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Agriculture and rural development

Development of plant proteins in the EU

The report

The European Commission is exploring how to harness the potential of EU plant protein production, responding to the needs of farmers, producers and consumers.

The production and sourcing of plant proteins for the agri-food sector has repeatedly stimulated political debate at EU level. The report on the development of plant proteins in the EU reviews the supply and demand situation for plant proteins and explores the possibilities to further develop their production in an economically and environmentally sound way. It also summarises the analysis of the protein sector in the EU, carried out by the Commission.

22 SAMHAIN 2018
Report: Development of plant proteins in the European Union


A stakeholder survey was launched in February 2018 to assess the current situation in the EU. The Commission then set up four workshops on plant proteins to discuss research and innovation, agronomic practices and environmental benefits, the supply chain in the EU sector and the demand in different market segments. In November 2018 in the course of a high-level conference, the report was presented and discussed.

The most common protein-rich plants are soybeans, legumes (grain and fodder) and oilseeds. A good source of amino acids for livestock, plant proteins are a vital component of animal feed, and are essential to EU farming. In addition, they are increasingly consumed as human food, with an annual growth rate of almost 7% globally. However, the EU has a major deficit in plant proteins, importing most of what the EU agricultural sector needs.

In addition to being of economic benefit for farmers and producers of food and animal feed, the development of plant protein production in the EU also carries a range of environmental benefits. In particular, protein crops contribute to fixing the atmosphere’s nitrogen in the soil and therefore play an important role in a more sustainable nutrient cycle.

Nonetheless, some difficulties in the development of the EU plant protein sector have already been identified, including:

  • the agronomic conditions in Europe, which are not optimal for large-scale production of plant proteins;
  • the economic profitability of these crops in Europe;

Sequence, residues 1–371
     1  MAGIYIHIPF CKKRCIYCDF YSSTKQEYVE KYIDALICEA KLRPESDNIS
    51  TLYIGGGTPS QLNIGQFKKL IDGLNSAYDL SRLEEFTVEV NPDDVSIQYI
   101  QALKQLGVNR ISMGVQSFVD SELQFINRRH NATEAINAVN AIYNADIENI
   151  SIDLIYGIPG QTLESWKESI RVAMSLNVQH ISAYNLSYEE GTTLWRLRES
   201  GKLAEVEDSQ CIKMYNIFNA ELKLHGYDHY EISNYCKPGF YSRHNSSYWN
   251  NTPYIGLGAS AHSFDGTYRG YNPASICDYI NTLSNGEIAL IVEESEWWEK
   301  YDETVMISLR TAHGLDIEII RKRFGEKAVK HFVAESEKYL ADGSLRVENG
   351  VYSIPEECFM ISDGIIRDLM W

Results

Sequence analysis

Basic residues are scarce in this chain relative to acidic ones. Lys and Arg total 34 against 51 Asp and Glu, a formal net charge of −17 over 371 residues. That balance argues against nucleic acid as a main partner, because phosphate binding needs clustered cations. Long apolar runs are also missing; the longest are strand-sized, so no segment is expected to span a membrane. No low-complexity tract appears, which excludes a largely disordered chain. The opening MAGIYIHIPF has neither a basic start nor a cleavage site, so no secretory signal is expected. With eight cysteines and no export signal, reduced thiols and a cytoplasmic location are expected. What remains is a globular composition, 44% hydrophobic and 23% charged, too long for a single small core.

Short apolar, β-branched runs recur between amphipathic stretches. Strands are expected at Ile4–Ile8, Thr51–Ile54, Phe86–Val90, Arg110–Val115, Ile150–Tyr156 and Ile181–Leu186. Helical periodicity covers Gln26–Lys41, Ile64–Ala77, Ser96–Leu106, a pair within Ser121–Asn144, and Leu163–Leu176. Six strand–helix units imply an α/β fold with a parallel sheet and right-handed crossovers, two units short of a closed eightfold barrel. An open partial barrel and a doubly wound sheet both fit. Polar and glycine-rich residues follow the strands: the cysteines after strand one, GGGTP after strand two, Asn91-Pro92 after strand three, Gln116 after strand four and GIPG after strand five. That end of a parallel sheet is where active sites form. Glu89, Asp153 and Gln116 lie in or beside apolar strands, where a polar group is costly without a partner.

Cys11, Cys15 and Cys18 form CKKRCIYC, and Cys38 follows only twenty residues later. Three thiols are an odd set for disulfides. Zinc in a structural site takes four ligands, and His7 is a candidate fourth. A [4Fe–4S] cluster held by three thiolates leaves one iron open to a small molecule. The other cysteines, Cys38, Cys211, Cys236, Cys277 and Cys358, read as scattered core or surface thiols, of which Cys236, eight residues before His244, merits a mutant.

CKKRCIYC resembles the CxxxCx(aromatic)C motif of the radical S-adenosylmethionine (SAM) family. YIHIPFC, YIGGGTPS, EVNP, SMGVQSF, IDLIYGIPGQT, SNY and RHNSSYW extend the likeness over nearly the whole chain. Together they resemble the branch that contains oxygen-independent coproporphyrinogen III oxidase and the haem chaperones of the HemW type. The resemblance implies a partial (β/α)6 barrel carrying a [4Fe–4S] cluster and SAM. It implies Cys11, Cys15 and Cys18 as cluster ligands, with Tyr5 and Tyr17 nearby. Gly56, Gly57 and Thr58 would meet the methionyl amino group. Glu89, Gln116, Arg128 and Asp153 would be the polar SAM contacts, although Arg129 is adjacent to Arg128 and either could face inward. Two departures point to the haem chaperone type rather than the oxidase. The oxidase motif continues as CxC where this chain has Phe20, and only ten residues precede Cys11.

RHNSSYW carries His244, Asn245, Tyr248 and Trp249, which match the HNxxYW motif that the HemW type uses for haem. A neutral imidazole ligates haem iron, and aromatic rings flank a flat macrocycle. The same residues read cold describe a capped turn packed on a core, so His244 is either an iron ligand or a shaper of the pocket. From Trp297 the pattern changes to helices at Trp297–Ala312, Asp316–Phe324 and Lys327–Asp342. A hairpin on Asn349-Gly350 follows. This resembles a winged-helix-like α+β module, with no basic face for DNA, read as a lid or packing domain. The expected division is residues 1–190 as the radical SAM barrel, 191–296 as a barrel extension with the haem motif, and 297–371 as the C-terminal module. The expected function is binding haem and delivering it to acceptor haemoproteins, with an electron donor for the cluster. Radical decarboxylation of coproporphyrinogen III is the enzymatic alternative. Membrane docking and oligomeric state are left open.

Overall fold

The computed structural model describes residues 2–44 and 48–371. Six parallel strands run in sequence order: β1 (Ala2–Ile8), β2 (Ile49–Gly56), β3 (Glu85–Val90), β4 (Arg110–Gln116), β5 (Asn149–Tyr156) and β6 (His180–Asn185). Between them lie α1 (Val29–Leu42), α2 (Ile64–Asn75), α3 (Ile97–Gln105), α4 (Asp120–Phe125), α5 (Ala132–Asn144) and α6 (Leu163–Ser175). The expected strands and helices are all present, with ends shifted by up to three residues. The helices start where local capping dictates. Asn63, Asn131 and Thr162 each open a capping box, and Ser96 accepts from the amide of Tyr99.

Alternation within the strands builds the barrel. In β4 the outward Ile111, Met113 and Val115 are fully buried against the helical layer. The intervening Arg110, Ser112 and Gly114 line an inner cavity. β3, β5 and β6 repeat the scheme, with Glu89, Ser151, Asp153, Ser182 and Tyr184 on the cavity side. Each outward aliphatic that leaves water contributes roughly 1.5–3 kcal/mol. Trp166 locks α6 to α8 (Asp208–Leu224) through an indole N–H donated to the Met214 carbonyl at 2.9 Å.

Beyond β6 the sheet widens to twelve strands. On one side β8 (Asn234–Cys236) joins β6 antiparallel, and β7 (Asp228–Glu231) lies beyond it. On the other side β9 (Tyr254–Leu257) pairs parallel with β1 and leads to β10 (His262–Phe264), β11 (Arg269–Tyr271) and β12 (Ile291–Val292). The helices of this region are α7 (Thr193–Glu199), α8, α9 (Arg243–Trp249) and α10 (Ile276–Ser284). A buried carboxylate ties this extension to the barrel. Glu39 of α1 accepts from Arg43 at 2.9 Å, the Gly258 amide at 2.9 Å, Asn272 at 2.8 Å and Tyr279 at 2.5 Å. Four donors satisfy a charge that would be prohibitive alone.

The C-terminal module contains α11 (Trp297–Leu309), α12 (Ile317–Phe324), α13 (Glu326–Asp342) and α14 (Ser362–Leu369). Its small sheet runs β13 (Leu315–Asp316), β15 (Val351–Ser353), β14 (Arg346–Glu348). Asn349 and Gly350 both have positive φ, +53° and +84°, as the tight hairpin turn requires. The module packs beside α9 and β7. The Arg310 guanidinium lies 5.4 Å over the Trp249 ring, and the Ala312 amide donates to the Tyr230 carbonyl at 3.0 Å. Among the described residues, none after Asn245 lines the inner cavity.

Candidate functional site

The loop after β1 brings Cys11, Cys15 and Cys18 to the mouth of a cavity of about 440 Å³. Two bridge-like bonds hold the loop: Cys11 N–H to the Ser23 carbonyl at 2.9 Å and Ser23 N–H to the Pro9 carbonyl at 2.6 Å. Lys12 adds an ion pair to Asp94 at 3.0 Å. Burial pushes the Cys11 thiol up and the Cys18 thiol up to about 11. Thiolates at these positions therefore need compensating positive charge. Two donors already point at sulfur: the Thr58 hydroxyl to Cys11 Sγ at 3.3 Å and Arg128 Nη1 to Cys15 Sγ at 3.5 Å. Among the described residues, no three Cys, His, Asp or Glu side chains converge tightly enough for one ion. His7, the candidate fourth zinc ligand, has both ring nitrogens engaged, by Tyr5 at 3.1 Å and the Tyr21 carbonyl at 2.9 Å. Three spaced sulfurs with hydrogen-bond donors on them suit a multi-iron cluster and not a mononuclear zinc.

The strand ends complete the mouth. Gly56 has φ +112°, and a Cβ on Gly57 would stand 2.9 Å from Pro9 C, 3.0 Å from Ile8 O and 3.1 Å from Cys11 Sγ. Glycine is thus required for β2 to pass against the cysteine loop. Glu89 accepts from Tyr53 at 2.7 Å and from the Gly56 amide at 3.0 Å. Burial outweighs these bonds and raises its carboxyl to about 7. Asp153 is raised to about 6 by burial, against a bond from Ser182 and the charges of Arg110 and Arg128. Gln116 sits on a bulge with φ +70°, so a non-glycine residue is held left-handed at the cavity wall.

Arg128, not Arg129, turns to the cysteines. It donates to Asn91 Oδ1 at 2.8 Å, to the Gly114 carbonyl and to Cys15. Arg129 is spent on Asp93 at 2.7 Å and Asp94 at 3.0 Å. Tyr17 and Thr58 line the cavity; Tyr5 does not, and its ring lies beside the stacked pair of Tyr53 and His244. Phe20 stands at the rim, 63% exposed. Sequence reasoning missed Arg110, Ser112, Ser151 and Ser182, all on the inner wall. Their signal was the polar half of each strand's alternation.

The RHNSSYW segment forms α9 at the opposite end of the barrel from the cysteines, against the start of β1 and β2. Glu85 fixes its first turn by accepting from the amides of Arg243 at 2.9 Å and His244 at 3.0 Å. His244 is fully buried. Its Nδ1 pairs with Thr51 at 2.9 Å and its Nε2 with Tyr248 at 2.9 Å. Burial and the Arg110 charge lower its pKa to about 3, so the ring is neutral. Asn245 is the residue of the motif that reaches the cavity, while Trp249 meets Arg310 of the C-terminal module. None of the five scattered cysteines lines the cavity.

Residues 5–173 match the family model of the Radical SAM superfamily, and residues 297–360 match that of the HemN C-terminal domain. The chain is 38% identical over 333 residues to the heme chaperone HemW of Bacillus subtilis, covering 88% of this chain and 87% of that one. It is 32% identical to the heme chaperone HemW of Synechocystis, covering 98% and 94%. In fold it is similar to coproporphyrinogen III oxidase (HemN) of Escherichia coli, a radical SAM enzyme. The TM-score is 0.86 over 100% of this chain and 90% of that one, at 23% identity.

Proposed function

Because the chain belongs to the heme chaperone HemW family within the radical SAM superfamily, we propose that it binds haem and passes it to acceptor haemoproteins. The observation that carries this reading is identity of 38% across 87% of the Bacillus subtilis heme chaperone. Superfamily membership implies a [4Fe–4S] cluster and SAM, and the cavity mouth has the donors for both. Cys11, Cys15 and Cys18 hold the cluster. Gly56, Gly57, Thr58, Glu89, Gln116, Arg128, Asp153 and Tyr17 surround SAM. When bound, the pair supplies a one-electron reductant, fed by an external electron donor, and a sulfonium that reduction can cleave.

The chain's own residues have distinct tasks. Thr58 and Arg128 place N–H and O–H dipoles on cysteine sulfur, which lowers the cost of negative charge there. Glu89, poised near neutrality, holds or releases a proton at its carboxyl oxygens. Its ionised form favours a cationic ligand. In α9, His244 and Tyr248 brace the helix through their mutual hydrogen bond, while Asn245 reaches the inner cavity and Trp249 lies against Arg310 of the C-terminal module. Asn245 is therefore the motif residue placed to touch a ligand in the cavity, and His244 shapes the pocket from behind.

• the competitiveness of EU protein crops compared to imported plant proteins;
  • competition over the use of arable land;
  • a lack of research on breeding, agronomic practices and different uses.

The common agricultural policy already provides a series of measures which have, directly or indirectly, encouraged plant protein production in the EU in recent years. This includes greening measures which promote ecological focus areas and crop diversification, voluntary coupled support, and research and innovation through initiatives like the EIP-AGRI focus group.

High-level conference

On 22 and 23 November 2018, the report was presented and discussed at a high-level conference organised in Vienna, Austria. The event was co-organised by the Austrian presidency of the EU, and the European Parliament contributed to the discussion.

19 NOLLAIG 2018
Conference report - The development of plant proteins in the European Union
(220.43 KB - PDF)

Stakeholder survey

The preparations for the report on the development of plant proteins in Europe started with a stakeholder survey. Its outcome revealed a large amount of interest in the topic throughout the EU. Overall, more than 440 experts in the field from 26 EU countries replied to the questionnaire. The survey also confirmed that the development of plant proteins in Europe should be a joint effort between the authorities, farmers and industry.


18 SAMHAIN 2019
Factsheet – EU Legumes benefit people and the planet
(3.23 MB - PDF)